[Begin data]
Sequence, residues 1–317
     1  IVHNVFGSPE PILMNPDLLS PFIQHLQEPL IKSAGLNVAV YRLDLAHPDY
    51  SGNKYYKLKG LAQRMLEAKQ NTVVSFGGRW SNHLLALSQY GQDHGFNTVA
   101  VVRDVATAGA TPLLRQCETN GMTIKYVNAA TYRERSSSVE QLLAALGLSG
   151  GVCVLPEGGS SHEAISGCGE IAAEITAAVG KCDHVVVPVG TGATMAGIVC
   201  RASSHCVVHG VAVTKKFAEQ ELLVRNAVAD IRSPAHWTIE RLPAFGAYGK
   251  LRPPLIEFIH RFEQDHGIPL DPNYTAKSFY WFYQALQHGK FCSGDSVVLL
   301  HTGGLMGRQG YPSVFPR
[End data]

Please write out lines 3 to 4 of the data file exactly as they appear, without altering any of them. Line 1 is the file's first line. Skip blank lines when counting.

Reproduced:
    51  SGNKYYKLKG LAQRMLEAKQ NTVVSFGGRW SNHLLALSQY GQDHGFNTVA
   101  VVRDVATAGA TPLLRQCETN GMTIKYVNAA TYRERSSSVE QLLAALGLSG